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Tampons, applicators and pad wrappers — there’s a lot of waste that goes hand in hand with having your period. National Geographic estimates that menstruating individuals go through anywhere between 5,000- 15,000 tampons and pads in a lifetime, and in the U.S. alone, period products create 200,000 metric tons of garbage every year.
But it’s not just the products themselves that are the issue. Over the course of a menstruator’s lifetime, environmental organization Friends of the Earth predicts menstruators will throw away an estimated 400 pounds of packaging.
If you're looking for a more sustainable way to tackle your next period, we’ve gathered three simple swaps to make it not only more eco-friendly, but a little healthier too.
Upgrade your tampons
These days, most plastic tampon applicators are made out of low density polyethylene, which requires a lot of energy to make, and typically can’t be recycled because they are considered medical waste.
Besides the environmental factor, conventional tampons can contain things like pesticides and fragrances. Because the vagina is a very permeable organ, the concern is that those substances can then circulate in your body and cause harmful effects over time.
If you don’t want to wonder about the potential ingredients in your tampons, switching to organic tampons can be a great fix. They work the same way, but the body and string is made of organic cotton or bamboo, which can be composted. You can also shop for tampon kits that come with a reusable applicator to further cut down on waste.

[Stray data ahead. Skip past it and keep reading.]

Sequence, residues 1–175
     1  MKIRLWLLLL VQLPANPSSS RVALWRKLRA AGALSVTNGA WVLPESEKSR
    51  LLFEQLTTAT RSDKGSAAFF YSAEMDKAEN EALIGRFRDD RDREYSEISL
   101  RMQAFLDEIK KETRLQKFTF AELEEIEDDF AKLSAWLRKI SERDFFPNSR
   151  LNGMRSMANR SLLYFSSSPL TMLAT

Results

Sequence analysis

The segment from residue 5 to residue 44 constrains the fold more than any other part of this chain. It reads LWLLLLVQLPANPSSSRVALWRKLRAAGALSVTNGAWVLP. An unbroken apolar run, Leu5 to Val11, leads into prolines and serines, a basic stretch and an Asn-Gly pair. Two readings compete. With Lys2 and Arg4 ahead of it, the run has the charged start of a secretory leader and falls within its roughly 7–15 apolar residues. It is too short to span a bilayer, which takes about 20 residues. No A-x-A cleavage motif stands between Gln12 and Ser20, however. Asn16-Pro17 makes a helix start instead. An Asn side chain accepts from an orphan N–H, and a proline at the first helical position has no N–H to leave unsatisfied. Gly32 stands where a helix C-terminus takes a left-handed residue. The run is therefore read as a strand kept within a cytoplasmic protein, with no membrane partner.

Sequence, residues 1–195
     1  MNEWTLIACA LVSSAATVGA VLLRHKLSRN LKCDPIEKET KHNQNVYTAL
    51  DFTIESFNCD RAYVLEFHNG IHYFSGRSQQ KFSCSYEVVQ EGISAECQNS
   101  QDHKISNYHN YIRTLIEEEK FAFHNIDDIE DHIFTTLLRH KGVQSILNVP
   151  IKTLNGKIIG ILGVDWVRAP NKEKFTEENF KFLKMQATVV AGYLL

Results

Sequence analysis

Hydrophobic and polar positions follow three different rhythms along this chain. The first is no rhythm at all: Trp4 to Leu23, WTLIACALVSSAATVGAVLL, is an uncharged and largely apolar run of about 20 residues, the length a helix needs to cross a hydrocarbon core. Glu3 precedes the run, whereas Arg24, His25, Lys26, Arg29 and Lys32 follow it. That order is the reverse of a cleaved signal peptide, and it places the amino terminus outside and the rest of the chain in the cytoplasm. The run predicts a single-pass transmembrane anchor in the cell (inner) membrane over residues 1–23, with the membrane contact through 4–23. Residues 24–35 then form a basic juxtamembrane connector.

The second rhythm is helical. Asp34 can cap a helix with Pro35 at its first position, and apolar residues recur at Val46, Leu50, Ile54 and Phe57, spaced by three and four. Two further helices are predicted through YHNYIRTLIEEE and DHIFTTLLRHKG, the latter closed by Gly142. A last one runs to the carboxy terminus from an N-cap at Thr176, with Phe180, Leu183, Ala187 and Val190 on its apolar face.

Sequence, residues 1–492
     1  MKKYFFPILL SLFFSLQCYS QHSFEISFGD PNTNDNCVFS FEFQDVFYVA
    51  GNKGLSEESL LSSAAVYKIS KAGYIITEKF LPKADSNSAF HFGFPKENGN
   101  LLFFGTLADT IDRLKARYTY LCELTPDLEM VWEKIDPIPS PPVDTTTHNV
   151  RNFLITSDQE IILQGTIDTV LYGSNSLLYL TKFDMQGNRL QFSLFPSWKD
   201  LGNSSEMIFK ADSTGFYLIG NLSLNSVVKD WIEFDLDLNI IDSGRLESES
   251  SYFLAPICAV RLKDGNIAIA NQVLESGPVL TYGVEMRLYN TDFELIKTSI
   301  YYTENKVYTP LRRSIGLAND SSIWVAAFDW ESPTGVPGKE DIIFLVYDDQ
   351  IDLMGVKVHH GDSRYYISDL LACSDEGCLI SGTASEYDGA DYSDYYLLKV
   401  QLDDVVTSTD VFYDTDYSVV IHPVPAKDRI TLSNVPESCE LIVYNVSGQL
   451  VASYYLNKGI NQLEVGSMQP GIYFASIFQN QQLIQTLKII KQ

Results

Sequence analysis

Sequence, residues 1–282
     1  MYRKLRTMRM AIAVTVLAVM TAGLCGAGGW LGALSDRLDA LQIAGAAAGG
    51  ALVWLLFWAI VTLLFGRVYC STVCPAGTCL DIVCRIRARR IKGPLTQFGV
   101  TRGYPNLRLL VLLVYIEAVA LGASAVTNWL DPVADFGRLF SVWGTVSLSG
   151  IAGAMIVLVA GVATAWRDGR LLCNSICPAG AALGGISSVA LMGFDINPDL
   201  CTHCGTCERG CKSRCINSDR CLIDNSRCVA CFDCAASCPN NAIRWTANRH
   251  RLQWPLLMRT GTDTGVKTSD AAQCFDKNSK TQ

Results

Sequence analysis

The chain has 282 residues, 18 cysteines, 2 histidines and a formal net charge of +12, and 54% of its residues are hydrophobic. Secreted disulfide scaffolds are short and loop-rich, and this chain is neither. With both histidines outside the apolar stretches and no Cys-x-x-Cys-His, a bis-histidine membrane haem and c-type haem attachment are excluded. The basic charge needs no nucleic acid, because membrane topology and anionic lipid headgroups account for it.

Swap pads for period underwear
As another low-waste option, period underwear and reusable pads are a great alternative to single use menstruation products. With the ability to hold up to 8 tampons of blood, they can definitely be used on any day of your period. However, depending on your flow, they can also be used as a back up to using a cup or be worn on their own on lighter days.
If you have never used reusable pads or period underwear before you might be a little intimidated by the washing situation, but it’s as simple as rinsing the product thoroughly in cold water, tossing it into your laundry and running the load on cold.
Try a menstrual cup
Menstrual cups have become extremely popular in recent years thanks to their low-waste appeal, but they do come with a learning curve. They can also be slightly pricier up front, but they will end up saving you a ton of money in the long run as a single cup can last up to 10 years. Plus they hold almost five times more than a tampon (depending on the cup).
If you are new to the menstrual cup game or if you have a sensitive bladder, the Lena Cup is a great option for newbies. For experts looking for a customizable fit, the Me Luna menstrual cup is available in different sizes that allow you to find the perfect fit.